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Photovoltaic vs Thermal Solar Power

Updated on March 12, 2011


If we consider all known energy sources available today, we will soon come to the conclusion that solar energy is the cleanest and most abundant energy of all. It is probably well known that solar radiation comes in form of heat and light, but there is also some high energy electromagnetic (EM) radiation emitted from the sun that we are unable to see. The high EM part is not that dominant. From the point of view of applications, we are primarily interested in the visible light and heat that comes from the sun. This part can be used as an alternative and renewable energy source.

Can you imagine the sheer amount of energy contained in the Solar radiation? It is indeed huge. The average solar radiation hitting the top of our planet per unit of time and unit of area (solar constant) is roughly 1000 watts per square meter. As we said above, this power is spread out across the entire solar spectrum, even though the majority is in the visible (and usable) part.

On a daily basis we all can see the importance of solar irradiation for almost all natural processes on our planet Earth. Solar energy, although plentiful, has hardly been put to any use until recently. But luckily for us, we have now started to discover, or should we say rediscover, the potential benefits of solar energy.

Solar energy can be divided into two categories:light (electromagnetic) and thermal energy.

Photovoltaic Cells

Photo-voltaic (PV) cells use semiconductor technology to convert light directly into electricity. If you wonder what semiconductor technology means, you should just look at your PC's main processor - it represents the most sophisticated semiconductor technology you can imagine. With the solar panels, you can use the produced electricity right away or it can be stored in a battery for later use.

PV panels are now becoming widely used and they can be easily installed on top of our houses, cottages, buildings and other structures - even on vehicles, boat and similar objects. They can be also used as solar charging kits. They can provide clean, renewable energy source that can supplement the needs of your household for energy and thus diminish your dependence on the conventional sources (read the power company).

But the real power of the photo-voltaic cells comes in play in those areas that are far away from the standard power grid, You have probably seen PV modules used for powering emergency telephones, lighting, signage, etc. If we neglect for a moment the obvious intermittent nature of the solar energy, we can say that PV cells can be considered a relatively reliable source of electricity. One big disadvantage of the PV panels is their high cost and relatively low energy conversion rate (only 10-20%) - this part is hopefully to be improved in the near future, after all teams of scientists are putting in a huge effort to improve the conversion rates and diminish the production costs.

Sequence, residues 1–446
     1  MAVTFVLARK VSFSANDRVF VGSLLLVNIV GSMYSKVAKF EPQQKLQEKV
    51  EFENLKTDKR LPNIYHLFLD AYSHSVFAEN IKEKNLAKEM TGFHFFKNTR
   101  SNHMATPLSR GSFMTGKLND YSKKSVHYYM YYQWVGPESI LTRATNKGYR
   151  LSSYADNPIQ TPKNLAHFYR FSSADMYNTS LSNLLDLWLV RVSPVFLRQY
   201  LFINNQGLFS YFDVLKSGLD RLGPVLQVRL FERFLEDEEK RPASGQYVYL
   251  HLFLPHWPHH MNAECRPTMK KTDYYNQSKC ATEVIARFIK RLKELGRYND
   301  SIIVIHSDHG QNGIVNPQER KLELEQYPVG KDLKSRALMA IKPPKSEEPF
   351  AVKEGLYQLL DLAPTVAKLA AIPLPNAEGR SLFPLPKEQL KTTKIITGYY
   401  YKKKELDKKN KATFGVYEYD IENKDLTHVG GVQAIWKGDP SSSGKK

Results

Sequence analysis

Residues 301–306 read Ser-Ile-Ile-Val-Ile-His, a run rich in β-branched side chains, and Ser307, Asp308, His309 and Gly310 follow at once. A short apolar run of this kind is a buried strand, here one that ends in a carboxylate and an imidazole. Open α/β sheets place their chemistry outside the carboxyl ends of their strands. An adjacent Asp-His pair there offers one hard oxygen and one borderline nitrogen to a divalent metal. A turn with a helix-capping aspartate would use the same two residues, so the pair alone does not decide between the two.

Thermal Solar Power

Thermal energy can be used to passively heat buildings. This can be trivially achieved through the use of certain building materials and architectural design, but what's more exciting is to use specially designed heat collectors to directly heat water for domestic use. Very simplified, we can say that the principle of operation of these systems is such that an antifreeze solution flows through collectors and via a heat exchanger, hot water is supplied for domestic use. The heated water is usually stored in insulated tanks until there is need for it.  In many regions, solar water heating is now a feasible supplement, or let us say, a great alternative to electric or gas powered hot water production.

A hot subject of this decade is the problem related with the increased emission of harmful gasses, amongst which carbon dioxide - CO2 holds the most prominent place. CO2 is now believed to contribute to global warming, and environmental issues. Using solar, as well as other forms of renewable energy can reduce our dependence on fossil fuels for energy production and thus, directly reduce the CO2 emissions. An average household can reduce carbon dioxide emissions by as much as 20 percent upon, for example, installation of solar water heaters.

How PV Compares to Thermal Solar Power?

The cost of installing solar heaters similar to that of the PV systems. However there is a difference in the efficiency of both systems. While thermal collectors usually have average surface areas of 50 square feet, the PV cells are about 20 square feet. The thermal heaters are capable of converting over 50 percent of energy into heat, whereas the best PV panels can only approach the 20 percent limit. Considering the larger surface areas, it means that the solar water heaters are capable of delivering 10 times more energy.

However there is a downside to this story. The solar heathers are not always the best choice as all you will get is hot water. If you need electric energy you will need to turn to the PV systems.

Probably the best choice is to combine the two systems. They are both ideal to start to learn about the benefits of using clean, free and renewable energy such is the solar energy.

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